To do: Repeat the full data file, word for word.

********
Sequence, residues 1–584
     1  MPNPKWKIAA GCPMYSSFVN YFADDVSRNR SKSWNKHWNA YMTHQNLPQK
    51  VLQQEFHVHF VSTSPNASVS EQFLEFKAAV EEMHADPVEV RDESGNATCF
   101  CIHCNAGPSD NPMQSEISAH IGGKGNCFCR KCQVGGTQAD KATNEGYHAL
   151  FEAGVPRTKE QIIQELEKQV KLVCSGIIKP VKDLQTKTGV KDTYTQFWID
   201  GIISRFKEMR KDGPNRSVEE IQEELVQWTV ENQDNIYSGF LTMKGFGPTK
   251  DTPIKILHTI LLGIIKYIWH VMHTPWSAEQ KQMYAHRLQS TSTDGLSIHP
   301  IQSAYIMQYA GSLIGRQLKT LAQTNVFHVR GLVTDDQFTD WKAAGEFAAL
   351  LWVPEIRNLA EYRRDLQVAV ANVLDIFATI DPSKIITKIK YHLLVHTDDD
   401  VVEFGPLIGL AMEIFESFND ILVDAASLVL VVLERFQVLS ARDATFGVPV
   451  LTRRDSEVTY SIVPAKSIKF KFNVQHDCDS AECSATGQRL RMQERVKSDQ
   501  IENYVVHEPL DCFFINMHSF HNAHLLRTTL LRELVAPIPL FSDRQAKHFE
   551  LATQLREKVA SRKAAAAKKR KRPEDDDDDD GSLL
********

Sequence, residues 1–584
     1  MPNPKWKIAA GCPMYSSFVN YFADDVSRNR SKSWNKHWNA YMTHQNLPQK
    51  VLQQEFHVHF VSTSPNASVS EQFLEFKAAV EEMHADPVEV RDESGNATCF
   101  CIHCNAGPSD NPMQSEISAH IGGKGNCFCR KCQVGGTQAD KATNEGYHAL
   151  FEAGVPRTKE QIIQELEKQV KLVCSGIIKP VKDLQTKTGV KDTYTQFWID
   201  GIISRFKEMR KDGPNRSVEE IQEELVQWTV ENQDNIYSGF LTMKGFGPTK
   251  DTPIKILHTI LLGIIKYIWH VMHTPWSAEQ KQMYAHRLQS TSTDGLSIHP
   301  IQSAYIMQYA GSLIGRQLKT LAQTNVFHVR GLVTDDQFTD WKAAGEFAAL
   351  LWVPEIRNLA EYRRDLQVAV ANVLDIFATI DPSKIITKIK YHLLVHTDDD
   401  VVEFGPLIGL AMEIFESFND ILVDAASLVL VVLERFQVLS ARDATFGVPV
   451  LTRRDSEVTY SIVPAKSIKF KFNVQHDCDS AECSATGQRL RMQERVKSDQ
   501  IENYVVHEPL DCFFINMHSF HNAHLLRTTL LRELVAPIPL FSDRQAKHFE
   551  LATQLREKVA SRKAAAAKKR KRPEDDDDDD GSLL